I thought I will put out some of the interpretation of the data just to clear the head a bit.
10 Year Data
RMG share price grew from $0.36 to $2.18 for a total of 500% gain. Annualized gain was 19%.
Revenue grew from 99 mil to 311 mil for an annualized 12% growth. Each year’s revenue was more than the previous year.
Profit grew from 7.8 mil to 55 mil for an annualized 21% growth. That is seriously impressive shit.
Free cash flow grew from 10 mil to 60 mil for an annualized 19% growth. This is inline with profit.
Based on past history RMG is a seriously fast grower, even during the though times of 2009.
ROIC and COIC
ROIC and COIC have shown good growth from 9% to 19%.
For the past 10 years lowest ROIC reached was around 15% and highest 22%. While not exceptionally high, the consistent above average ROIC above cost of capital indicates certain advantage in their operating space.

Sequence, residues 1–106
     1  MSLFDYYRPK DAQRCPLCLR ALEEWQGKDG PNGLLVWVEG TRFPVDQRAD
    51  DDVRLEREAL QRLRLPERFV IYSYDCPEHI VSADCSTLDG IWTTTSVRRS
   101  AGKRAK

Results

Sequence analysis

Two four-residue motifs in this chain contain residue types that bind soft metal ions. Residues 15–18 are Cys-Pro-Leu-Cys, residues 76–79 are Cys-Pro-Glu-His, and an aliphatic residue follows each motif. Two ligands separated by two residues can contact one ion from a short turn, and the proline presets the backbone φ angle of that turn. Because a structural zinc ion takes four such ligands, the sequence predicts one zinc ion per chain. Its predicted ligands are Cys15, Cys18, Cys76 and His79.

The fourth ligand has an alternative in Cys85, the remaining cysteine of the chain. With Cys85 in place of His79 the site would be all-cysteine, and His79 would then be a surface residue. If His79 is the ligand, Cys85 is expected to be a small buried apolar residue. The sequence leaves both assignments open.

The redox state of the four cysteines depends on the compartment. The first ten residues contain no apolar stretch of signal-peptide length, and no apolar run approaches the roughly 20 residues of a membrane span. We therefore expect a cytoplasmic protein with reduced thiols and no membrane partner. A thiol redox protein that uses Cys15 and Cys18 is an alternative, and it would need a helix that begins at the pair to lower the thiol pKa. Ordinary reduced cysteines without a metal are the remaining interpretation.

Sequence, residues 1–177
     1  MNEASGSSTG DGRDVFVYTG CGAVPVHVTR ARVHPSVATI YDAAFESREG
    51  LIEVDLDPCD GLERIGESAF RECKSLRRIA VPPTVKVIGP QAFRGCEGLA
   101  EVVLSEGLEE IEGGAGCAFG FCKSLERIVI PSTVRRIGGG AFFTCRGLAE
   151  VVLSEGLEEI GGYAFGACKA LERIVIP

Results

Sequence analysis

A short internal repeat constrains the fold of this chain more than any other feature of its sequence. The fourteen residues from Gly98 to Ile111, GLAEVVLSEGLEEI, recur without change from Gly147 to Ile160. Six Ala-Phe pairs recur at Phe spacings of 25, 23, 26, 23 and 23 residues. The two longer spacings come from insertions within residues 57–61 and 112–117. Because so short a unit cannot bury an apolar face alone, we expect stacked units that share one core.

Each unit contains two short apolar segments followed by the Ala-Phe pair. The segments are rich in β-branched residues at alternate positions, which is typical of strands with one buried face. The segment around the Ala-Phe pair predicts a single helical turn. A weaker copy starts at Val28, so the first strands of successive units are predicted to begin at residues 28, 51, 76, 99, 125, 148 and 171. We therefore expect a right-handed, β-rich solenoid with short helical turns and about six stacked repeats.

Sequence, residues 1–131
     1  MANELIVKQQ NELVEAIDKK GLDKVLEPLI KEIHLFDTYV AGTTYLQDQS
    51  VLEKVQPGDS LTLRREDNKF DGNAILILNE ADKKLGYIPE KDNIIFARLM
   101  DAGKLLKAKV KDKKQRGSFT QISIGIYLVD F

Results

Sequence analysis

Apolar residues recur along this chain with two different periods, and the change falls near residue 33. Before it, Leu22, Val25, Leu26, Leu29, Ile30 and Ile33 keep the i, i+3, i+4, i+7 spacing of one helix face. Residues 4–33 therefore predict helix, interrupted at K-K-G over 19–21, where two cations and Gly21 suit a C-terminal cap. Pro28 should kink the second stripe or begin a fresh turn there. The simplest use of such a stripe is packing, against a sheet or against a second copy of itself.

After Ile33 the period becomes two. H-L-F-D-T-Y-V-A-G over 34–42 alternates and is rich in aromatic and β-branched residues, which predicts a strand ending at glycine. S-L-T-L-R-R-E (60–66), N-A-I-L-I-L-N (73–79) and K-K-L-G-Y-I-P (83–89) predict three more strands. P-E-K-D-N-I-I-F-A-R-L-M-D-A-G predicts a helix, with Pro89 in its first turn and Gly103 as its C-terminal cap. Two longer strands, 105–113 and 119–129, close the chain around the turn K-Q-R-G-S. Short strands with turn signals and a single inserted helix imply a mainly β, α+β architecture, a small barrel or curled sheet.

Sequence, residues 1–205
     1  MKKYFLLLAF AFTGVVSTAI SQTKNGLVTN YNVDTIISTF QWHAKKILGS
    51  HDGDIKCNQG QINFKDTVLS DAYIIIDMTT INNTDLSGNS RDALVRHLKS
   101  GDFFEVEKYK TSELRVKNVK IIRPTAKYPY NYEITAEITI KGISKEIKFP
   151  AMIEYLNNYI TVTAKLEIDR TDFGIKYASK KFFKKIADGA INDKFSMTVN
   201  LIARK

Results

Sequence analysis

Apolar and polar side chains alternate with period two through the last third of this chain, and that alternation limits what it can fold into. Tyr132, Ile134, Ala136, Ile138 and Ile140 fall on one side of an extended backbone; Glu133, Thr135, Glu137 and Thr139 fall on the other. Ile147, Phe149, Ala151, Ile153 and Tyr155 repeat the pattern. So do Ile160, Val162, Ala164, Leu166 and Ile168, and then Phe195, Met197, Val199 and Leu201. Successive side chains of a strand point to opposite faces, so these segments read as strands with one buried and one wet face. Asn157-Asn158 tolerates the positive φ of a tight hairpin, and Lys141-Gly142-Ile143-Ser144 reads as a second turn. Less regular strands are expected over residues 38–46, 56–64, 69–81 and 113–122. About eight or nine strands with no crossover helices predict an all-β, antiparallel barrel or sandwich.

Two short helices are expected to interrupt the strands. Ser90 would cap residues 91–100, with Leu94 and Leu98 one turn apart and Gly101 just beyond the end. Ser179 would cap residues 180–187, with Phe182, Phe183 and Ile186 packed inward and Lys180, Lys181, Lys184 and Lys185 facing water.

It increases the probability future capital deployment will be accretive from a company perspective.
Valuation and Yield
RMG have never been high yielding. The highest earnings yield reached was during 2009 when earnings yield hit 7.14%.
Most of the years the historical yield is between 4.5% to 5.5%. This probably indicates most of the time PE is around 20 times.
A high quality company like this at 20 times indicate participants are willing to pay a premium for stability and superior growth.
If a fair PEG is 1, then at 20 times PE a necessary growth rate is 20% per annum.
Judging by the past 10 years, it does indicate that capability. Will good companies remain as good companies?
What is the total return going to be like?
Assuming the earnings yield to be 4.5%, and the payout ratio to be 15%, the distribution is 0.67%.
3.825% are reinvested at a roic of 17% at a cost of capital of 10%, the reinvested return is estimated to be > 3.825 x 17/10 = 6.5%
Organic growth of the industry in the past have been 12%, that is rather high.
A total return of distribution + reinvested return + organic growth could add up to 19%.
That looks like a very good return versus a current risk free rate or even most equities.
Of course the majority of the returns perhaps will come from the industry growth.